On the nearly interminable red-eye flight from Dakar, Senegal to Dulles yesterday, I watched the movie Invictus to pass the time. It is the story of Nelson Mandela, the Springbok Rugby team of South Africa, and the 1995 Rugby World Cup. After the end of apartheid in South Africa in 1990, Mandela was released from prison and then elected president in 1994. While there has been much debate about Mandela’s activities prior to his arrest and imprisonment, his tenure as president of the country was remarkable.
While attending a rugby match against England, he realized that the black South Africans in the stands were cheering for England against their own national team, the Springboks. Some time later, the South African Sports Committee, now dominated by the once excluded blacks, was ready to do away with the Springbok name completely in preparation for the 1995 World Cup to be held in 1995 in South Africa, a significant event since no significant sporting events were held in Africa during the apartheid era. Mandela went before the committee and influenced them to keep the Springbok name. The nation needed reconciliation, not revenge and retribution, he said. Instead of settling old scores, South Africans needed to overcome anger, suspicion and animosity to build a unified future. The committee narrowly agreed with him and, of course, the Springboks went on to inspire the country and to win a very surprising championship against the All Blacks of New Zealand – one of the great upsets and inspiring moments of sports history.
It happened because a leader chose reconciliation over retribution. Had Mandela gone along with the Sports Committee he would have been completely justified, knowing what had been done to him. Not only had he been imprisoned for 27 years at hard labor, but the blacks of South Africa had been brutalized and excluded in horrific ways – and this only ended 25 years ago! For them to exact a little revenge by doing away with the symbol of South African white pride, the Springboks, would have been justified. Honestly, who of us could have blamed him?
But he looked beyond pettiness, beyond settling scores and retribution, and he brought a nation together. He looked beyond pride and personal grievance to what would build a better South Africa, a stronger nation. Whatever you think of Nelson Mandela in his early years, South Africa is better off today because they had a leader who sought reconciliation over retribution after apartheid crumbled.
Leadership in the SBC
Being a leader in the SBC today is not something for the timid at heart or those who struggle with personal insecurity. No matter what decision a Russell Moore makes, someone isn’t going to like it. Pretty much anything LifeWay stocks is going to offend someone. You simply can’t please everyone.
And, frankly, there is an industry of criticism in the SBC. It existed before blogging, but our little pastime and other forms of social media have given voice to those who have little constructive to add, but only wish to tear down. Whether it is on the right or the left, from Geneva or one of the many organizations that have formed to oppose Calvinism, whether it is from traditionalism or those committed to extreme cultural relevance, someone is going to dislike pretty much everything our leaders do.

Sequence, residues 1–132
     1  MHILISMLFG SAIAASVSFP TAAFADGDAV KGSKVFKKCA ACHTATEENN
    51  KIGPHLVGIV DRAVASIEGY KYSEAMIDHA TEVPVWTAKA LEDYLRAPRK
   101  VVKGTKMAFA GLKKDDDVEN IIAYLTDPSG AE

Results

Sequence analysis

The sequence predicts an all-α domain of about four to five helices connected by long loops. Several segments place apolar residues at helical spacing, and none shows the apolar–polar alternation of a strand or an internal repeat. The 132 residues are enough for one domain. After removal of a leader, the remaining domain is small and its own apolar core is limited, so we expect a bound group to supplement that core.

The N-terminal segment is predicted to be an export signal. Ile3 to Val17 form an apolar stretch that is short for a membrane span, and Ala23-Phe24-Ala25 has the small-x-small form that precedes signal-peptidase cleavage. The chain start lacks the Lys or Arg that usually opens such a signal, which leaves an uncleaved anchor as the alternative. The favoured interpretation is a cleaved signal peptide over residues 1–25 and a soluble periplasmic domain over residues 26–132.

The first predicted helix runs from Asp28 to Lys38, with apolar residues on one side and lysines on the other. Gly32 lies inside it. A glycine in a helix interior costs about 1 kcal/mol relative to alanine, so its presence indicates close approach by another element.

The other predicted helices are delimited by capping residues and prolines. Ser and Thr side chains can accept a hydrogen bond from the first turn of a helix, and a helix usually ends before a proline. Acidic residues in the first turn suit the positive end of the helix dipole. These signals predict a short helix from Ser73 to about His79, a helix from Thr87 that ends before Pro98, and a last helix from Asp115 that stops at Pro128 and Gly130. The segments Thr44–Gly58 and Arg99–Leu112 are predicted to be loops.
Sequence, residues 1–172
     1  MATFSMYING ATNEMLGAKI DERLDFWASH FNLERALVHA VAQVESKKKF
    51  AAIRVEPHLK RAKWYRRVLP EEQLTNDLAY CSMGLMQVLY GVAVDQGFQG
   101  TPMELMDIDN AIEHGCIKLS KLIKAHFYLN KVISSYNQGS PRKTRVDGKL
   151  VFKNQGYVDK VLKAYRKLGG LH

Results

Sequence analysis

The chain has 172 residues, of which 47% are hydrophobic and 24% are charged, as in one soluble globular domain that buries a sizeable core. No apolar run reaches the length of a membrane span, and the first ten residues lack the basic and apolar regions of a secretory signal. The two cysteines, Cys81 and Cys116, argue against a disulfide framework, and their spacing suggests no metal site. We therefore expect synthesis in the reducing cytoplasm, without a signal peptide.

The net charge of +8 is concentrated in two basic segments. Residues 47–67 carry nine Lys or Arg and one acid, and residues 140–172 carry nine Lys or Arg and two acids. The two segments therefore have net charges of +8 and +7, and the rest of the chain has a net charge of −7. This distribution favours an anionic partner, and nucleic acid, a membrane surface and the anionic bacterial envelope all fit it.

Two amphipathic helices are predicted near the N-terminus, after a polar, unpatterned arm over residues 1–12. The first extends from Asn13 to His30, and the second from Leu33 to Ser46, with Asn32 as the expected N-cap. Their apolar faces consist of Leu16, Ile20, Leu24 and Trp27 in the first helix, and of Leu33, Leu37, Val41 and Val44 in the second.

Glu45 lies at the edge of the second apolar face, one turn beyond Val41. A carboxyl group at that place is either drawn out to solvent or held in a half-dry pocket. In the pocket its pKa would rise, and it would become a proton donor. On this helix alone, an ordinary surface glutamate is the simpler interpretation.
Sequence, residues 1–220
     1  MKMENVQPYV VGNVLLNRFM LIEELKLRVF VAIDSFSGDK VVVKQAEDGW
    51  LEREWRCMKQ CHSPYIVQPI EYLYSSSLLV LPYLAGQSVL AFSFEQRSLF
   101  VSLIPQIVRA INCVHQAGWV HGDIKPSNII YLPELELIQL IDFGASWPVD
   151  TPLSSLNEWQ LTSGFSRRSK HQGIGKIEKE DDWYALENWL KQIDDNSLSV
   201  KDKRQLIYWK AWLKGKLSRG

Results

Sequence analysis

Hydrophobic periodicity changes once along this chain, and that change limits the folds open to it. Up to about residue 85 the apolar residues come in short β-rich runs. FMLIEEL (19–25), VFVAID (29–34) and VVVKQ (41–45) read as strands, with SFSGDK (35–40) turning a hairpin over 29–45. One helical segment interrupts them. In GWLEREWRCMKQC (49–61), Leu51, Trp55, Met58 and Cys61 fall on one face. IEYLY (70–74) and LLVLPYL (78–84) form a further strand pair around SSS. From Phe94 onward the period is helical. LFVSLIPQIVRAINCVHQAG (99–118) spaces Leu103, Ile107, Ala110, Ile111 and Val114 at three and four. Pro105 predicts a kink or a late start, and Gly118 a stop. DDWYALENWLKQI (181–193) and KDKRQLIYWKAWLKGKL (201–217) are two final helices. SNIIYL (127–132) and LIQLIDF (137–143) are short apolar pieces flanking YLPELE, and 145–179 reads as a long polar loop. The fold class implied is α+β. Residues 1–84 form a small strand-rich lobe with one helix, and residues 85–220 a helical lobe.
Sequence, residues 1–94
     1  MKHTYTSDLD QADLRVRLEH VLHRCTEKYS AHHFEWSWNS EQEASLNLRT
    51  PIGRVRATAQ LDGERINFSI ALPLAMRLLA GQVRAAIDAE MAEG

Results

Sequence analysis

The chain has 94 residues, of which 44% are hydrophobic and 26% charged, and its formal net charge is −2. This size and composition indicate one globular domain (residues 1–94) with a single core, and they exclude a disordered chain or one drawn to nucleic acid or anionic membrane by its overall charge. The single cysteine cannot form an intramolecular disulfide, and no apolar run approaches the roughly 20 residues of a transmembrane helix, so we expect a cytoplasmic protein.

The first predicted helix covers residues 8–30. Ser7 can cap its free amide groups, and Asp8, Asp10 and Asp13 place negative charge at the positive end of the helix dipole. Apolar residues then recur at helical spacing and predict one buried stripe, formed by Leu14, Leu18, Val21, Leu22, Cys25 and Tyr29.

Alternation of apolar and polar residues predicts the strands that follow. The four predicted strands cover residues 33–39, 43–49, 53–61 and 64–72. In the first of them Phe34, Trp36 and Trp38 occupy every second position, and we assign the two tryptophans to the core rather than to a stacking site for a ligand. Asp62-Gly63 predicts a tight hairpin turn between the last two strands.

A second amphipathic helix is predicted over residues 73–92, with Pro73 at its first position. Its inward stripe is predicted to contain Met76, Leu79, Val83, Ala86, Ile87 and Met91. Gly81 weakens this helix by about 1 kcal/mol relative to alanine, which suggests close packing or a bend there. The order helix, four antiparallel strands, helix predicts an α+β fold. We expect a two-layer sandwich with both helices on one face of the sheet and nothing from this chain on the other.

It has to get old being excoriated for everything you do and having every decision you make questioned, analyzed and second-guessed. And it is easy to snap back on the culture of criticism by treating all criticism as invalid, unwarranted and even ungodly.
There is a fine balance we must all find. I have to find it at my little old Iowa church and Thom Rainer has to find it at LifeWay.
On the one hand, I must not let perpetual, foul-spirited, flesh-driven, angry critics run my life or deter me from the work God has called me to do. On the other hand, I must not become immune to criticism or anathematize those who disagree with or criticize me.
We need leaders in the SBC with the intestinal fortitude not to let the angry voices drive them or discourage them and not to be bullied by the social media terrorists or their campaigns of mass destruction. But we need leaders who are humble, who listen when Southern Baptists are upset, who are willing to hear criticisms.
We need leaders who actively, humbly and intentionally seek reconciliation with those who criticize them. We need Romans 12:18 leadership.
If possible, so far as it depends on you, live peaceably with all.
There are times when you simply can’t live at peace with everyone. There are people out there who don’t want peace, who love the smell of battle. I don’t understand it, but there are people who aren’t happy unless they are questioning the faith of another Christian or anathematizing someone. There’s not much you can do about people like that. There are times when the mute and block buttons are your only solution. But we cannot easily come to that solution. We cannot write our critics off as crazies too easily, before we have legitimately attempted to seek reconciliation with them.
In the SBC we have to learn to give and receive criticism in a godly way. We often fail both in the way we give it and in the way we receive it. Here are a few observations on the topic.